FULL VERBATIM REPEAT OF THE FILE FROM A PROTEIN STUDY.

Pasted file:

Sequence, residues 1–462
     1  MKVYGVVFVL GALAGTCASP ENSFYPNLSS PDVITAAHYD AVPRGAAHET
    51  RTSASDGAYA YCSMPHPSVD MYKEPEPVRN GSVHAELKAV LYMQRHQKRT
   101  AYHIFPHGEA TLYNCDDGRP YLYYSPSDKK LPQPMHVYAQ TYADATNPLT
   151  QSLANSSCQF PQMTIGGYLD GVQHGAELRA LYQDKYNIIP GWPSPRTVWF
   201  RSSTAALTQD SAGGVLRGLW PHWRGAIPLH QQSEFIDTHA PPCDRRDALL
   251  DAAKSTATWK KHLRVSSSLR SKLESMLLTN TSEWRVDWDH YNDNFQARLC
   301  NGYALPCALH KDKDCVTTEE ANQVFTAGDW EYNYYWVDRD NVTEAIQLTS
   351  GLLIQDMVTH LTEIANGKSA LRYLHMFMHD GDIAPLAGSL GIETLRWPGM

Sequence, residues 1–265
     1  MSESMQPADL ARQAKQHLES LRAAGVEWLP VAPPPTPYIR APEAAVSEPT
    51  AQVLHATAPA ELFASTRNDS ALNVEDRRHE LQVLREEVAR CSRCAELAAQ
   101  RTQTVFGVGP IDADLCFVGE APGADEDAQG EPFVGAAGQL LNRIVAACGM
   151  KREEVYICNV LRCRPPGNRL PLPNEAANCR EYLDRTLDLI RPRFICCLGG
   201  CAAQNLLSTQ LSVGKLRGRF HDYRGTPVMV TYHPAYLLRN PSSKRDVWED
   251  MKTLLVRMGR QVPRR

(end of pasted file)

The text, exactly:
Sequence, residues 1–462
     1  MKVYGVVFVL GALAGTCASP ENSFYPNLSS PDVITAAHYD AVPRGAAHET
    51  RTSASDGAYA YCSMPHPSVD MYKEPEPVRN GSVHAELKAV LYMQRHQKRT
   101  AYHIFPHGEA TLYNCDDGRP YLYYSPSDKK LPQPMHVYAQ TYADATNPLT
   151  QSLANSSCQF PQMTIGGYLD GVQHGAELRA LYQDKYNIIP GWPSPRTVWF
   201  RSSTAALTQD SAGGVLRGLW PHWRGAIPLH QQSEFIDTHA PPCDRRDALL
   251  DAAKSTATWK KHLRVSSSLR SKLESMLLTN TSEWRVDWDH YNDNFQARLC
   301  NGYALPCALH KDKDCVTTEE ANQVFTAGDW EYNYYWVDRD NVTEAIQLTS
   351  GLLIQDMVTH LTEIANGKSA LRYLHMFMHD GDIAPLAGSL GIETLRWPGM

Sequence, residues 1–265
     1  MSESMQPADL ARQAKQHLES LRAAGVEWLP VAPPPTPYIR APEAAVSEPT
    51  AQVLHATAPA ELFASTRNDS ALNVEDRRHE LQVLREEVAR CSRCAELAAQ
   101  RTQTVFGVGP IDADLCFVGE APGADEDAQG EPFVGAAGQL LNRIVAACGM
   151  KREEVYICNV LRCRPPGNRL PLPNEAANCR EYLDRTLDLI RPRFICCLGG
   201  CAAQNLLSTQ LSVGKLRGRF HDYRGTPVMV TYHPAYLLRN PSSKRDVWED
   251  MKTLLVRMGR QVPRR